The analysis of the resource utilization for patients with thyroid cancer and benign thyroid diseases with thyroidectomy case payment
Objective: Based on the framework of HCFA DRGs, we conducted an analysis of the relationship between medical expenditures and the number of hospital days in patients who undergo thyroid surgery in Taiwan. It compares the differences in surgery for thyroid cancer and benign thyroid diseases, in relation to the two types of payment system and three levels of hospitals, in which these operations were performed. It is our hope that these findings will contribute to the design of the DRGs payment system in the immediate future. Method: Our data set utilizes claims data recorded by the Bureau of National Health Insurance (BNHI) for in-patients from March to December 1999. Subjects of interest were those who were admitted for thyroid surgery and were identified using the HCFA DRG 290 ICD-9 thyroid gland surgical codes. These subjects were then categorized into case payment and non-case payment groups, and further classified into cancer and non-cancer groups. Total health expenditures paid by the BNHI and the hospital days for each subgroup were evaluated. The differences were then determined according to the three levels of hospitals in which the procedure was performed. Results: A general trend prevailed in that thyroid cancer patients incurred greater hospital costs as well as longer days of hospitalization than benign diseases patients, whether the payment system was case payment or not. For the non-case payment subjects, the discrepancy in cost was evident in all hospitals, with the largest variation seen in the medical centers, reaching an average of NT$28,998. The predominant form (92%) of thyroid surgery performed in this country is for benign thyroid diseases. Conclusion: Based on our analysis, the consequence of HCFA DRGs design encourages biased patient selection by hospitals to operate on benign diseases, which leads to unnecessary surgery by promising better financial returns. The risk is thus shifted to hospitals which follow a more stringent surgical indication and treats a greater proportion of cancer patients. Such a payment system runs counter to promoting good surgical practice.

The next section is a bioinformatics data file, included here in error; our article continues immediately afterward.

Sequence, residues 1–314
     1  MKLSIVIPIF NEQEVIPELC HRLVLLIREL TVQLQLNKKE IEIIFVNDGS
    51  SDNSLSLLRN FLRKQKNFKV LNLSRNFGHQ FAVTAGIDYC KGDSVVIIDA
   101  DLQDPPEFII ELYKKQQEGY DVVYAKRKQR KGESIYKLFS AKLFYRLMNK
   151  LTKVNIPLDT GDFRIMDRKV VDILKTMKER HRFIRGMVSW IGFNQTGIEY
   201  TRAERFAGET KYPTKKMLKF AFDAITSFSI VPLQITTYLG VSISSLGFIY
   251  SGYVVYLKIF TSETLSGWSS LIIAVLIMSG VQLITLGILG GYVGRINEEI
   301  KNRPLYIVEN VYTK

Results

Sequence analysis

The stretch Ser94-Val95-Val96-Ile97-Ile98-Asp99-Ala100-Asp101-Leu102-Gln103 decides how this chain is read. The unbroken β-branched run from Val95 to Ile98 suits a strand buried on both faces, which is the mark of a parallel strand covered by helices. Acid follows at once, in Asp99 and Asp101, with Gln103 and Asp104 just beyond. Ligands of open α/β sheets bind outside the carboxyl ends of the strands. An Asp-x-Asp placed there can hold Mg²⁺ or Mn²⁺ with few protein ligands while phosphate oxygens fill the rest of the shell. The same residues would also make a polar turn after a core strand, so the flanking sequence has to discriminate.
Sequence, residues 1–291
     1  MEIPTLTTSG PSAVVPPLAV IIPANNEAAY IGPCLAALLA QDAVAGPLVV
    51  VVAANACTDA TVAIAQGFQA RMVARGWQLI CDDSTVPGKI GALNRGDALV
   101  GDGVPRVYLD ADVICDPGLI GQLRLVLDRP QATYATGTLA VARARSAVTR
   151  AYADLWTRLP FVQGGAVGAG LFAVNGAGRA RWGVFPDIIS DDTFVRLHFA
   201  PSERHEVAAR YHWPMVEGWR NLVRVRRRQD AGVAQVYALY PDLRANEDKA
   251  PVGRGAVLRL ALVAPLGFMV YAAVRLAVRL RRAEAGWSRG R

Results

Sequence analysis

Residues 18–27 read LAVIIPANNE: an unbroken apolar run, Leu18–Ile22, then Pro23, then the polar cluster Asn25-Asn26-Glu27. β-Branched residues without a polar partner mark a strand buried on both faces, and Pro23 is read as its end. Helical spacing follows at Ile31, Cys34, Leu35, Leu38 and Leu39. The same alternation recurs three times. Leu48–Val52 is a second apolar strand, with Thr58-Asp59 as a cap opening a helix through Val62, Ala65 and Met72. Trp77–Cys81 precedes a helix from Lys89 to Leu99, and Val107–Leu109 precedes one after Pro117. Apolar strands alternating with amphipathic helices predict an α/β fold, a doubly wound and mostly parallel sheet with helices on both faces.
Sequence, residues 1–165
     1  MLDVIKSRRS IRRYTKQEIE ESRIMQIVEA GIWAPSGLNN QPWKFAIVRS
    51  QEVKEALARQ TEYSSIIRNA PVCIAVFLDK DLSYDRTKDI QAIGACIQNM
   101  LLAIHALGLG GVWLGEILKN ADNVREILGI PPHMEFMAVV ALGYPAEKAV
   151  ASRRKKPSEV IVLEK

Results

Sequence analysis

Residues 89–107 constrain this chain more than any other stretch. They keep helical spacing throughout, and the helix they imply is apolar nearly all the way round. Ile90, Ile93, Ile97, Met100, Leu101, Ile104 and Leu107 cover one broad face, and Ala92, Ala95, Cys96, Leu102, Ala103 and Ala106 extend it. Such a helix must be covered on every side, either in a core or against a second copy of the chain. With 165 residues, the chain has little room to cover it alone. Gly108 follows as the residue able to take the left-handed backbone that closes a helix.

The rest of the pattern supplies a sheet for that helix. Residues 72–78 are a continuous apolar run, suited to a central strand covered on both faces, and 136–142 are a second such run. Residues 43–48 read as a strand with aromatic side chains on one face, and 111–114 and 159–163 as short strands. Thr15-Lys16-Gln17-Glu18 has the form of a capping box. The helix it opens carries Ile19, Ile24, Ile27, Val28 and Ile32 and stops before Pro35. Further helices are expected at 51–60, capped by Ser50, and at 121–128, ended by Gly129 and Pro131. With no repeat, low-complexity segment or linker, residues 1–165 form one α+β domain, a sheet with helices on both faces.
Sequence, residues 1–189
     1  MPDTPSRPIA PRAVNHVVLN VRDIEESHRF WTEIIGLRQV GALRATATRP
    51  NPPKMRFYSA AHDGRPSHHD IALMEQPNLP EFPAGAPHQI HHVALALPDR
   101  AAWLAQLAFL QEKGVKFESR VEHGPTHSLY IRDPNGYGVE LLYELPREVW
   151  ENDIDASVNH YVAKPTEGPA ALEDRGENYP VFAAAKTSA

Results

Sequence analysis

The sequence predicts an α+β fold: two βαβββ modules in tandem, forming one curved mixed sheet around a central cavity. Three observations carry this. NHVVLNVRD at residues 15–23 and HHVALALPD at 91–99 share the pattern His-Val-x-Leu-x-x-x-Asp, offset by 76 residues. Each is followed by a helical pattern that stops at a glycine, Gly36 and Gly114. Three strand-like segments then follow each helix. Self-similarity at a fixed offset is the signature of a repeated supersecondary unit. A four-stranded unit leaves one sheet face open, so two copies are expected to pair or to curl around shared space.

Wu, JY; Yeh, LL; Yen, KL; Huang, AT
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